By creating flow resistance (pressure drop) through the bed we can create better flow distribution before the air enters the bed. We can also use media that encourages mixing in the lower, entering layer. Different styles of ceramic media (saddles or structured) produce differing resistance as air passes through the bed.
By selecting ceramic media mixes that create an optimized pressure drop across the beds we can:
- Correct the intrinsic flow imbalance of an RTO system.
- Optimize the thermal efficiency and the VOC destruction efficiency for a specific application.
Choosing 100% random media would provide the best flow balancing if that were the main goal, but that choice may create an unnecessary pressure drop and an increased fan horsepower draw. Usually a mixed bed of random media + structured media or a mix of several structured media types will be the best option.
Bonus: Can the Flow Capacity be Increased?
Usually, yes. New structured media design advances can improve older beds, providing as much as 25% capacity increases over beds that utilize saddle ceramic media. Fan and burner capacity studies will be needed to determine the actual airflow increase possible.
Signs of Ceramic Media Plugging in Your RTO
Ceramic media beds in RTOs have extremely long life (10-20 years) when not exposed to adverse operating conditions. But some applications have these adverse conditions, and they can greatly impact the performance of an RTO, including the life of the ceramic media bed. One of the most common causes of ceramic media replacement in a regenerative thermal oxidizer is plugging of the ceramic media beds. There are many causes of ceramic media plugging (blockage) and, unfortunately, some can only be addressed with a full replacement of the ceramic media bed.
Most plugging can be seen with a simple visual inspection during scheduled preventive maintenance. But until the downtime is available for an inspection, here are some common signs of media bed plugging.
Signs of Ceramic Media Plugging in an RTO:
- Process/emission source performance issues:
- Poor drying performance in an oven
- Increased odor at the process
- Spray booth: Poor product quality from over spray evacuation
- Increased pressure pulse from RTO back to the oven/process
- Tripping of pressure switch at the emission source (oven, paint booth, etc.)
- Pressure pulses in the building
- Reduced air flow capacity through the RTO
- Increasing variable speed drive amperage (frequency) for the same operating conditions
- Increasing fuel consumption
- Tripping of pressure switches during poppet valve actuation (RTO and at the process)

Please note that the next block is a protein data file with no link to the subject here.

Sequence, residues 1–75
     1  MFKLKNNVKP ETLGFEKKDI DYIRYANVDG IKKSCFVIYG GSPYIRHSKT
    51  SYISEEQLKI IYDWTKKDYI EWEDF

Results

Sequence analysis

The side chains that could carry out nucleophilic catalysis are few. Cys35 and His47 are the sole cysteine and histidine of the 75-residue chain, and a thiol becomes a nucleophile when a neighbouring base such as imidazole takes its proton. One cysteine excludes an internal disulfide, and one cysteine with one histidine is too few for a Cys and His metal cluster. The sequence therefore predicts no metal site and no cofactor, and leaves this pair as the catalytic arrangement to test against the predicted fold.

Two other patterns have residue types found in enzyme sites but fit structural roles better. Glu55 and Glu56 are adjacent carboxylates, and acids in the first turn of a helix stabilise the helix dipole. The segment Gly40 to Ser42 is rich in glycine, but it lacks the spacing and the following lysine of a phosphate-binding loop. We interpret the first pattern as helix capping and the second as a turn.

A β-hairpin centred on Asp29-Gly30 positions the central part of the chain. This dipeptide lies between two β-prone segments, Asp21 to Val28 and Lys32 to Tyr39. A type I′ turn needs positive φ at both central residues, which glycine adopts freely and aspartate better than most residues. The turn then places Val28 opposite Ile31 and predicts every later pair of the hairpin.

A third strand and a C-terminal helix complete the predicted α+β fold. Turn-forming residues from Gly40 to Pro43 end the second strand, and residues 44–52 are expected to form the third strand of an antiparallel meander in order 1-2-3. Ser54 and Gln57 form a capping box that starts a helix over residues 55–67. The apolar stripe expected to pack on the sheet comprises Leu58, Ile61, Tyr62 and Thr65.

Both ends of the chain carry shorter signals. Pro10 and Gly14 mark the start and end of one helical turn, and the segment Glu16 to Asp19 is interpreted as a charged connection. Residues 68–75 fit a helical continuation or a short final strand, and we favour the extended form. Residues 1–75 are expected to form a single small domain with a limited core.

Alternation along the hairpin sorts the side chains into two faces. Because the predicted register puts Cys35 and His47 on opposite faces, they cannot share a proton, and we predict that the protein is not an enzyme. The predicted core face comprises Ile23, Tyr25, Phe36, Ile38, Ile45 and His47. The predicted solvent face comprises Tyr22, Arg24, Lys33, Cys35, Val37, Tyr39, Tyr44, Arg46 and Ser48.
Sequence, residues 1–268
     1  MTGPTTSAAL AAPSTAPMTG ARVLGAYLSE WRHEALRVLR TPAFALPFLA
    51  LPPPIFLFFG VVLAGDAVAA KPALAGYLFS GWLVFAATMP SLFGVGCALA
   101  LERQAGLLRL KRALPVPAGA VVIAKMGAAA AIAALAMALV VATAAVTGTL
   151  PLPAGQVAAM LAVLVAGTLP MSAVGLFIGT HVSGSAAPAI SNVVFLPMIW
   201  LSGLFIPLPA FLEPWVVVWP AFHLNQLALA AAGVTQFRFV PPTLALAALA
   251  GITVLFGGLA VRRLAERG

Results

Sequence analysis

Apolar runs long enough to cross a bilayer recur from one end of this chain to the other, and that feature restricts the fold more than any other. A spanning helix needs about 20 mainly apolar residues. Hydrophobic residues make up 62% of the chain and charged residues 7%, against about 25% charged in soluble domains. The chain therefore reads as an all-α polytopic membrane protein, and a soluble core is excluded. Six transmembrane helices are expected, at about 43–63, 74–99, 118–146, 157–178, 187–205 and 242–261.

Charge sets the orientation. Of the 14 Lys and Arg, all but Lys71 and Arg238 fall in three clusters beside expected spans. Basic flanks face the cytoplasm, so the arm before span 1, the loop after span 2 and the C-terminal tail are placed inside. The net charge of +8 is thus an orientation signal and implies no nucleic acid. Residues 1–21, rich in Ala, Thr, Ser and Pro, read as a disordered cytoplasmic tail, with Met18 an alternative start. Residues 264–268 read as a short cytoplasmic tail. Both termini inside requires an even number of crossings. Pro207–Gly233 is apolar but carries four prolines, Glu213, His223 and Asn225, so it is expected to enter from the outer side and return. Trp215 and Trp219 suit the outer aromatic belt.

- Oil-canning of the ceramic media bed walls during valve switching (in extreme cases)
Organic build-up that leads to plugging is the most common cause of plugging and typically can be treated with a bake-out feature. To address inorganic build-up, wash-outs (water + chemical) are an option to buy more time. However, in the majority of cases plugging due to inorganic material will eventually require replacement of the ceramic media bed.
Sources of Inorganic Plugging in an RTO:
- Paint solids
- Silicone release coatings
- Semi-conductor fabrication (Hexamethyl disilizane; HMDS)
Regular RTO preventive maintenance (PM) can identify potential plugging concerns. Being proactive with PM will allow you to plan for treatment or replacement of the ceramic media before the problem causes the plugging symptoms described above. Contact us for guidance if plugging is experienced in your system. We can help you assess the source and develop a plan to address the ceramic media plugging in your RTO.
Ceramic Media Replacement Case Studies
To see examples of our work including plenty of photos, check out our case studies involving ceramic media replacement.
The RTO and your application introduce many variables affecting ceramic media selection and each variable is co-dependent upon the other. Fortunately, there are options available to optimize airflow mixing, increase thermal efficiency, and mitigate fouling. So, for the next ceramic media replacement in your regenerative thermal oxidizer make it a point to know your airstream, and know your RTO. This will lead to a successful ceramic media bed replacement in your RTO.
Ceramic media replacement does not have to be a mystery. We have seen just about everything and offer free analysis and guidance. Send us your unique application and we will prepare a quote quickly including removal and replacement of your existing ceramic media bed.